Software Alchemist

I am constantly seeking answers and ways of transforming desires into reality by coding

Thank You OpenSky and Farewell

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Working at OpenSky has been a rewarding and exciting experience, I’ve met developers from around the world, attended conferences (even got to speak at one), helped build open source software and have seen others consider my contributions valuable. However, the following two weeks are gonna be my last two weeks at OpenSky, after which I’m moving to San Francisco to join Twilio. This post is a recap of my days at OpenSky and thoughts that pushed me to make this decision.

I’ve started at OpenSky mid August 2009, almost two years ago. At that time the company had a total of about ten employees, with a technology department consisting of two people, including an enthusiastic CTO and a bright software engineer. I was the second software engineer hired at OpenSky which allowed me to see the company grow from its infancy and take part in most of the technical decisions made here. A position at a young and promising startup one can only dream of.

Follow your dreams, because life is too short

John Caplan CEO and Co-founder of OpenSky

During these two years OpenSky survived an office move, several system re-builds, one major pivot and two CTOs and is now growing more rapidly than ever before. We have about fifty in-house employees and the technology team grew from four to over a dozen engineers and sys ops workers. In addition, OpenSky has a product team of almost the same size, that consists of great product managers, a creative director and several front end and interaction designers. The revenue and member numbers have been growing exponentially every month after the latest re-launch in April, showing the true potential of the company.

OpenSky is the most successful company and the smartest team (engineering, product and business) that I have ever been a part of.

I was always comfortable here. I’ve been lucky enough to spend a lot of time working with different open source ecommerce systems, studied how they solved similar problems and got to pick solutions that worked best for me even prior to joining the company. In fact, almost all websites I’ve worked on professionally (for money) were ecommerce related and since I’ve had experience building these before I started at OpenSky, most of the problems I’ve been solving there I already have solved or have seen solved somewhere else.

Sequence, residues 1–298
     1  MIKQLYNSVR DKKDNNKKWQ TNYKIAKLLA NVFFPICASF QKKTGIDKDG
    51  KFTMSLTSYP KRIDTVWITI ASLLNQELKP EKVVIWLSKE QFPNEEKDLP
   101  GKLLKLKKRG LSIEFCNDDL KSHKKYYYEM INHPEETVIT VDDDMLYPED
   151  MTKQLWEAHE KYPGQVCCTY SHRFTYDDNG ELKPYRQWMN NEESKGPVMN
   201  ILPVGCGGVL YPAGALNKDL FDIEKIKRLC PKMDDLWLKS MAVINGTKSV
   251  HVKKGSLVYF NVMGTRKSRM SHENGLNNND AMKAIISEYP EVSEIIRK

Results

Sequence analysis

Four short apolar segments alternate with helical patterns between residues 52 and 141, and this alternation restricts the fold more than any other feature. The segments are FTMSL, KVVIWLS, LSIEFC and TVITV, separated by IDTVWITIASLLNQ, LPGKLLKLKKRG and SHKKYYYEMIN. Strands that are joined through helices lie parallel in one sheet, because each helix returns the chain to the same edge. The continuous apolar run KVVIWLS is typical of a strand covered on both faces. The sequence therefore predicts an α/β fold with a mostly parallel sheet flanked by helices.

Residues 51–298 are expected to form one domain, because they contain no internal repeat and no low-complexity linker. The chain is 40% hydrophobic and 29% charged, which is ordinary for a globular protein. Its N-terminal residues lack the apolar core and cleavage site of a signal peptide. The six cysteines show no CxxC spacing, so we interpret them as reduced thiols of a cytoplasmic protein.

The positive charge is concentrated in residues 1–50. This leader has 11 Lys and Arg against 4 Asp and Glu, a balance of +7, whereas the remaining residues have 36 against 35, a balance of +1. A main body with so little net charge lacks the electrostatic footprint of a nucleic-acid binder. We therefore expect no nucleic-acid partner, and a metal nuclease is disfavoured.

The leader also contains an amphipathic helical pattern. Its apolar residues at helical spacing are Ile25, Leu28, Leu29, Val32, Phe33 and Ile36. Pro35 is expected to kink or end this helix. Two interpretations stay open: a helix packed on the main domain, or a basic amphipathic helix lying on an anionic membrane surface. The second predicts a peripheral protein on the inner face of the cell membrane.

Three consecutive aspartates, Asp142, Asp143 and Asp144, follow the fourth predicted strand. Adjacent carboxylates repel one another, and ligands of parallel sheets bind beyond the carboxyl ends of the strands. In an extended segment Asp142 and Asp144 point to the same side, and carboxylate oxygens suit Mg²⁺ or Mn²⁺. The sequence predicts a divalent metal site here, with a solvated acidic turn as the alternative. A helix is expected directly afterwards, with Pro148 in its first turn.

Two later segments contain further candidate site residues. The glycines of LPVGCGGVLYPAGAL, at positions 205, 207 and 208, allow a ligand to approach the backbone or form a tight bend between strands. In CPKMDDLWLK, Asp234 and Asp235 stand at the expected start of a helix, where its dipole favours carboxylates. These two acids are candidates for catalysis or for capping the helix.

PHP has been my tool of choice as its ability to solve a great number of web-related problems is still unmatched. Thanks to OpenSky’s modern approach to software development and my obsession with programming I’ve come to learn what clean code looked like, at least in PHP, practiced Test Driven Development and got involved in the open source community. We always worked with the best tools available at the time, even if their stability or completeness were yet to be proved. We thought that it was better to start with something promising that we could help grow instead of forcing ourselves into tools we had already learned were limited. That was overwhelming at times and I appreciate the trust and support the management has shown us during those periods, those were very exciting times otherwise. Most of the tools we use now are either stable or close to it, and the sense of innovation for me is gone. As someone said if you understand what you’re doing, you’re not learning anything. So here I am, with more than four years of experience of building small to medium ecommerce systems in PHP, building, although the most successful so far, yet another ecommerce system. Comfort is the word that describes my current situation best. And comfort is something I feel I’m too young to stop at. I need challenge and since PHP is widely used to solve a rather narrow set of problems, I realize how much of the computer science fundamentals (algorithms and data structures, memory management, processes, threads, locks, networks) I’ve never had to deal with.

There is a great idea expressed in Chad Fowler’s “Passionate Programmer” - one should always try to work in a team where he is the worst member. This doesn’t mean that you need to be dumb or not passionate about what you do, rather - try to work among people more talented and experienced than yourself. In other words, to become a better chess player one should play with a more skilled opponent.

When it comes to challenge Twilio is a unique company. It is the only company I know of, that provides telecommunications (voice and sms) as a service. The initial version of Twilio’s product was built entirely in PHP by the company’s CEO and co-founder, Jeff Lawson, and the majority of that code is still in use. As a result, it has complex architecture, uses a variety of technologies for a large set of different and rare problems and has a brilliant team of engineers, experienced in scalability, networks, databases and api design.

We’ve been through a lot together, me and OpenSky, and that our affair ends is sad. However, my dream of becoming one of the world’s most knowledgeable people in software development is awaiting and I’m quite confident Twilio will bring it even closer to reality.

Until next time, Bulat